The Health Resources and Services Administration (HRSA) released a new tool to assist health care professionals in becoming more culturally and linguistically competent when providing health care to individuals and families from diverse backgrounds. The publication, called Cultural Competence Works, profiles various practices that provide culturally competent care and the strategies they use. These strategies for practicing cultural competence (defined as the set of behaviors, attitudes, skills and policies that enable organizations and health care staff to work effectively with people of diverse cultures) can expand and improve access to quality health care. For a complete copy of the report, contact the HRSA Information Center at 888-ASK-HRSA (888–275–4772) or visit the HRSA Web site at

Two Organizations Will Conduct First Major Trial of Digital Mammography

The National Cancer Institute (NCI) and the American College of Radiology Imaging Network (ACRIN) recently launched the Digital Mammographic Imaging Screening Trial (DMIST), the first large, multicenter study to compare digital mammography to standard film mammography for the screening and detection of breast cancer. The investigators plan to recruit 49,500 women from 19 institutions in the United States and Canada over an 18-month period for the study. Women who volunteer will enter the trial at the time of their regular screening mammogram, and will then be followed for several years after receiving both digital and conventional mammograms. The study will open for enrollment Monday, October 15, 2001. The total cost of the digital mammography trial will be $26.3 million. Investigators believe one possible advantage of digital mammography is that it provides an improved contrast resolution that may make it more effective in detecting cancers in women with dense breast tissue. Also, two smaller studies have indicated that digital mammography may result in fewer women being called back for workup of suspicious breast lesions. A list of participating institutions and contact information is available at the DMIST Web site at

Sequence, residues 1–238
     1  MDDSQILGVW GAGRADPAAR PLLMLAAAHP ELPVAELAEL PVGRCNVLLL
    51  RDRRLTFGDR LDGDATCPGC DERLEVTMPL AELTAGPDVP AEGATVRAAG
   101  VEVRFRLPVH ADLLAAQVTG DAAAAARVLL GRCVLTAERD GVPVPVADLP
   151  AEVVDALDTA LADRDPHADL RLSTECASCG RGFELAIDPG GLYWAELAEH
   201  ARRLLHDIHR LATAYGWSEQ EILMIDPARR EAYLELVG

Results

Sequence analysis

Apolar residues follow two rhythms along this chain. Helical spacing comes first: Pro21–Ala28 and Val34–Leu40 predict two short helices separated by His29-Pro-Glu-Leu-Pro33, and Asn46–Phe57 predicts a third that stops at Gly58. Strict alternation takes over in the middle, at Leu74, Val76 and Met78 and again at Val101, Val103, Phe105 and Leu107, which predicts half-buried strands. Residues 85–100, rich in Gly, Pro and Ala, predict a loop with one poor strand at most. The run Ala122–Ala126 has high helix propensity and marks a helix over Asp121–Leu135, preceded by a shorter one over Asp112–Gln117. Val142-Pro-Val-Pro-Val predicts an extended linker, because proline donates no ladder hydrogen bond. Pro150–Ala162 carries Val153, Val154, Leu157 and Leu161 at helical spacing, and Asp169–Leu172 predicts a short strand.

NHLBI Campaign Promotes Adequate Sleep in Children

The National Heart, Lung, and Blood Institute (NHLBI) is launching a five-year educational initiative, titled Sleep Well. Do Well. Star Sleeper Campaign, to promote the concept that adequate nighttime sleep (at least nine hours of restful sleep each night) is vital to children's health, safety, success in school activities, sports, extracurricular activities and will help improve relationships with family and friends. The campaign will target small children and their parents, teachers and physicians, and will feature the cartoon character Garfield as its “Star Sleeper” and ” spokescat.“ Major components of the campaign include educational materials and promotional items. Organizations that have agreed to be part of the campaign include the National Association of Elementary School Principals, the American Academy of Pediatrics, the American Academy of Sleep Medicine, and the Capital Children's Museum. An interactive online version and other sleep education materials are available on the Web at

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Copyright © 2001 by the American Academy of Family Physicians.